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  Reported by Jules Levin
IDWeek Oct 26-30
New Orleans 2016
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Meta-Analysis Sees Much Higher STI Risk in MSM On vs Not On PrEP
  IDWeek 2016, October 26-30, 2016, New Orleans
Mark Mascolini
Men who have sex with men (MSM) using PrEP had up to 45-fold higher rates of three common sexually transmitted infections (STIs) in a meta-analysis of 18 cohort studies comparing MSM PrEP users with MSM not on PrEP [1]. University of California, Los Angeles (UCLA) researchers believe their findings justify quarterly STI screening for MSM on PrEP.
Daily or as-needed pre-exposure prophylaxis (PrEP) with tenofovir/emtricitabine (TDF/FTC) protects high-risk groups including MSM from picking up HIV infection. Incidence (new diagnoses) of STIs ran high in PrEP trials, but the magnitude of that risk remains uncertain, especially compared with similar high-risk people not using PrEP. The UCLA team conducted this meta-analysis to determine whether PrEP is linked to higher STI risk in MSM on PrEP versus those not on PrEP.
The UCLA team reviewed the English-language literature to identify studies through March 2016 that used nucleic acid amplification to calculate incidence of three STIs in MSM--any Neisseria gonorrhoeae (NG) infection, any Chlamydia trachomatis (CT) infection, and syphilis infection. Eighteen studies met inclusion criteria. For MSM given PrEP, there were 4 studies of NG, 4 of CT, and 5 of syphilis. For MSM not given PrEP, there were 5 studies of NG, 6 of CT, and 11 of syphilis.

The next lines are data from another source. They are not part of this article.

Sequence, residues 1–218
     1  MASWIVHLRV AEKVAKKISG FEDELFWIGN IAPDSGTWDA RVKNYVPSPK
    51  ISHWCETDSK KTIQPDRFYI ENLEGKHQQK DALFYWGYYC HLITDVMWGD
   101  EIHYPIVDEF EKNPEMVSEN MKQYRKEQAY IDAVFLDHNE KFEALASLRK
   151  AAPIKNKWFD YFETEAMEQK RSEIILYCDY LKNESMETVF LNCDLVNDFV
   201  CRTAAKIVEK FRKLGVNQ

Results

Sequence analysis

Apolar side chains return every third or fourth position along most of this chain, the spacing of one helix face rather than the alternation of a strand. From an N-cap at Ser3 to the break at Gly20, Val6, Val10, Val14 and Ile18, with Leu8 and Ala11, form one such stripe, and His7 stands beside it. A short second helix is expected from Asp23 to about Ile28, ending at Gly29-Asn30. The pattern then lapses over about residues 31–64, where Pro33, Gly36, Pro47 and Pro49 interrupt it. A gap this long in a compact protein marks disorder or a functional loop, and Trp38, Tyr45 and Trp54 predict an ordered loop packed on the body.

The analysis involved more than 70,000 person-years of follow-up in 18 cohort studies. Among MSM using PrEP, incidence per 100 person-years was 37.5 for NG, 38.0 for CT, and 14.5 for syphilis. Respective incidence rates for MSM not using PrEP were 4.2, 6.6, and 0.9.
Comparing incidence in MSM on versus off PrEP, the investigators calculated a 25 times higher rate of NG (incidence rate ratio [IRR] 25.3, 95% confidence interval [CI] 22.6 to 28.4, P < 0.001), an 11 times higher rate of CT (IRR 11.2, 95% CI 10.2 to 12.3, P < 0.001), and a 45 times higher rate of syphilis (IRR 44.6, 95% CI 39.1 to 51.1, P < 0.001).
The researchers noted that higher STI rates in MSM on PrEP could reflect less condom use, more sex partners, and/or increased STI detection in MSM with closer follow-up because they used PrEP. The UCLA team believes their findings support revising the CDC advice to recommend quarterly STI screening for MSM on PrEP--instead of the current advice to screen twice yearly to quarterly.
The investigators suggested that clinicians "must provide their patients on PrEP with a sexual health prevention package that includes quarterly STI screenings, timely treatment of infection, expedited partner treatment, and rescreening, if positive."
1. Kojima N, Davey DJ, Klausner JD. Meta-analysis finds association between pre-exposure prophylaxis to prevent HIV infection and increased risk of sexually transmitted infection acquisition among men who have sex with men. IDWeek 2016, October 26-30, 2016, New Orleans. Abstract 504.